If memory holds correct, the only 7000 series tractor with a Kohler was the 7012. That's good to know about the magneto, but wouldn't a bad magneto not send juice to the spark plug? I assume it did if his wife didn't like that. Doesn't that old trick only work on old spark plug wires where the insulation has weathered and cracked?

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roma3112
butch, i would also check into the armature if you have not already, some years back on my 3112 i was wireing somthing and i accidentally sent 12v+ through the ground for the armature, POOF killed it that quick. Although your scenario is a bit different the crossed wires in your case may have had the same effect john

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gretsch
Thanks for the response guys, but the problem was not mine. I was just adding input to the question "jmarkb" asked. However, since I am back into the discussion I will add that I would replace the the magneto if I was getting "shocked" by touching the plug wire on a cast-iron Briggs since the spark plug lead and the magneto are relatively "one piece". You have to pull the engine and take off the blower housing, but at least it gives you a chance to clean up the flywheel and magnet somewhat (dirt, rust,..). Some of the discussion reminds me of the "poor man's spark checker", that is holding onto a spark plug wire when it is dark and seeing if you have a "blue glow" around your hand. If electricity is leaking through the wire, your hand can become "statically charged". I just wouldn't advise it on a high-output electronic ignition system.

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BigSix
Mark: First, have you checked to make sure some random wire didn't melt through it's insulation and is somehow grounding against the block or tractor? Like the kill wire, perhaps? Rather than a specific solution, I'd like to suggest a general test METHOD I've found helpful. My multimeter (analogue, $40.00+ at Radioshack) has a "continuity checker" function that buzzes when there is continuity in a given circuit, i.e., when it passes current. Since I don't know a lot of electrical theory, I muddle through more problems than you might imagine just by verifying that the wires which look like they're okay actually are okay, i.e. passing current when they're supposed to, and not when they're not. I have used this function to test a riding mower's ignition switch--you might find this easier to do if you remove the switch, first. I think if you check the terminals that should complete the ground circuit when the key if "off," and you get a buzz, indicating the circuit is operating, i.e., grounding the plug, then you should get an "open," i.e., no "buzz," when the key is on. If the ground wire on the switch is forming a circuit, i.e., "buzzing," when you have the key ON, and are testing the "ON" position of the switch, then the switch is shorted, IMHO. Based on what Pat R. said, keep in mind that the continuity testing function does put current through the circuit being tested, so (I guess) don't try to test whether the ON position is making a circuit all the way to the plug lead, or magneto damage could result. Peter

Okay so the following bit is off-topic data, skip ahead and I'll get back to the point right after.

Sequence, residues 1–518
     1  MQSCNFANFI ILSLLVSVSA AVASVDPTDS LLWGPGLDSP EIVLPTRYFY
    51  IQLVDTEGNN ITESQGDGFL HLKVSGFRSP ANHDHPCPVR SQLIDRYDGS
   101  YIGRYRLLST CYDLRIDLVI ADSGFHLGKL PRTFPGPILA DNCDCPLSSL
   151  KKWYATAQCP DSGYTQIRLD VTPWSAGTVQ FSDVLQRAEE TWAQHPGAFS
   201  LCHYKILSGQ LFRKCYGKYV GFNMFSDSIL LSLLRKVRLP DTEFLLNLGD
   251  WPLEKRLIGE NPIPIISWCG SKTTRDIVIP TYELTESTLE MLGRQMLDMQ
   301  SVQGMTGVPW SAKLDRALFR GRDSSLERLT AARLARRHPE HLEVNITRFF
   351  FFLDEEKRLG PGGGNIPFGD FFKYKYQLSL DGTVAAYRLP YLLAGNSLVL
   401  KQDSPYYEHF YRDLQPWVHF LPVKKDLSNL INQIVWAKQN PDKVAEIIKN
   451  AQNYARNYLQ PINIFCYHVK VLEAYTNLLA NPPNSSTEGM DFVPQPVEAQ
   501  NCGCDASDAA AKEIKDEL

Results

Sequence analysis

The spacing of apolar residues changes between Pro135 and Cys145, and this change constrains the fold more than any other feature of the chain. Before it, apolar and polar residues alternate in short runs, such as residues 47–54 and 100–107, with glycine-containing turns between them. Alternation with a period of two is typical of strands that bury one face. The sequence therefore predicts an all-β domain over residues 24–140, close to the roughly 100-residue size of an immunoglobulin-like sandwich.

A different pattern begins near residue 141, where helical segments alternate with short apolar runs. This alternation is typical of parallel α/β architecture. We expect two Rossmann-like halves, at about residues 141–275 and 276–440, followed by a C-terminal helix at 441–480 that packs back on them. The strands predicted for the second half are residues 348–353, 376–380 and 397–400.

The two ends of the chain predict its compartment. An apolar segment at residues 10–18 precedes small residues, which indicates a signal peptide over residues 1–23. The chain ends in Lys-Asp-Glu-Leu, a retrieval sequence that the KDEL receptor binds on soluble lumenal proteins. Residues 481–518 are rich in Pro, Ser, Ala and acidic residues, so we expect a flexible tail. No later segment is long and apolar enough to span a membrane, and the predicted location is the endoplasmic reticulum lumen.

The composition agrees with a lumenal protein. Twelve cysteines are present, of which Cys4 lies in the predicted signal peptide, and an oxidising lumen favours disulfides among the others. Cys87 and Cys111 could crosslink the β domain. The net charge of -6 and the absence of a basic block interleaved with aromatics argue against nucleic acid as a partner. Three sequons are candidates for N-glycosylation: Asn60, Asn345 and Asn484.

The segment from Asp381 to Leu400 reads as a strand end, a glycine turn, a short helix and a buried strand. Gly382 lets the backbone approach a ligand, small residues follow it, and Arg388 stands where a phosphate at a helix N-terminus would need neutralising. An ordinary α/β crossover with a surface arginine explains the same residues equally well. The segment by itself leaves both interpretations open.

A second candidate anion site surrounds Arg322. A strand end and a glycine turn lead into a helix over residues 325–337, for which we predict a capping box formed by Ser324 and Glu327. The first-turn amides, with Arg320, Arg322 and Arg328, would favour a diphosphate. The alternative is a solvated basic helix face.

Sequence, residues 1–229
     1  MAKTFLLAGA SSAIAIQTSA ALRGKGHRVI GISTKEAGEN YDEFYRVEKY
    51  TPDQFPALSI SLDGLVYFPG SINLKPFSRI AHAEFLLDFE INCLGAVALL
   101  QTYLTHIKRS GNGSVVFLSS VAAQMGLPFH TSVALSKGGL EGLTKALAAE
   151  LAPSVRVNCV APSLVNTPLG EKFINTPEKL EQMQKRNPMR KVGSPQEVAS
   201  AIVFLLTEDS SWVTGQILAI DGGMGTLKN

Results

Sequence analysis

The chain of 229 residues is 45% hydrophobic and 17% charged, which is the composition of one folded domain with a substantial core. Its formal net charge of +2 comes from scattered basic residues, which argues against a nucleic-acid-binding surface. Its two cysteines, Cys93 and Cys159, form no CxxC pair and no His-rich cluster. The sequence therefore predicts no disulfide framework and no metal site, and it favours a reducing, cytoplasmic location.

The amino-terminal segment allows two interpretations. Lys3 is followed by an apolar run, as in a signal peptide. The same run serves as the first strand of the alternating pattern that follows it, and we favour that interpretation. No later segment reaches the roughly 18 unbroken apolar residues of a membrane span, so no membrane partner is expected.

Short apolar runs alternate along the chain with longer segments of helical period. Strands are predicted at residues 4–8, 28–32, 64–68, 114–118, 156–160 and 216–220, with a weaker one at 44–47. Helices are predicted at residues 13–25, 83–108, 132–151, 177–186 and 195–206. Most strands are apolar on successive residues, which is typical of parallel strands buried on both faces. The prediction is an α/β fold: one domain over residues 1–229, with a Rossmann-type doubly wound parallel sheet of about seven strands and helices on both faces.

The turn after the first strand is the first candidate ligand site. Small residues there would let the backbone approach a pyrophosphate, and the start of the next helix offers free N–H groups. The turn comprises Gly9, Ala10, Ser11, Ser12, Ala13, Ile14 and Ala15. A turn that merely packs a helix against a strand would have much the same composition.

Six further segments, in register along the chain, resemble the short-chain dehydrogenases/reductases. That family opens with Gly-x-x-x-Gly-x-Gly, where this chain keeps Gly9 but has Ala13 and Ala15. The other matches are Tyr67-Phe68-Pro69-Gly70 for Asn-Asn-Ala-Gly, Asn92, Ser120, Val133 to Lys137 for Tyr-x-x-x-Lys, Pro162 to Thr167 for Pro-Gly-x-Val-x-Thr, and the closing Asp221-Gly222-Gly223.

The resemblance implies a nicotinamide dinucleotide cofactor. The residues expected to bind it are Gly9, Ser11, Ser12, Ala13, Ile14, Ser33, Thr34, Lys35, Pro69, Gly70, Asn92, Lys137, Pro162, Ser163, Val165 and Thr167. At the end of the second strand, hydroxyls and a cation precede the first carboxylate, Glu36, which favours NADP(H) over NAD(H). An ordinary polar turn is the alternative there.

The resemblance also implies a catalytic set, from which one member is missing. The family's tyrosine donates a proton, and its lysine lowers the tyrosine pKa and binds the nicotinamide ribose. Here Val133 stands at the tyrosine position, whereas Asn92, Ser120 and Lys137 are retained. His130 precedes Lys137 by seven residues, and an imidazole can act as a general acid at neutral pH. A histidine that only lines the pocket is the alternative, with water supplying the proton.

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jmarkb
Thanks for all your help. My 7010 has been started. I kept trying all of the suggestions that were posted. Seems that the problem was in my voltage regulator. When I took the cover off there was a condenser and a set of contact points. It was the contact points that were giving me the problem. They were stuck shut. I pryed them open and removed the condenser and re-installed it, replace the voltage regulator cover, then it started right up. Does this make sense? Well, at least the tractor is running again. I cut the grass today after almost 2 weeks of down time. Thanks again for all your help. Mark Balding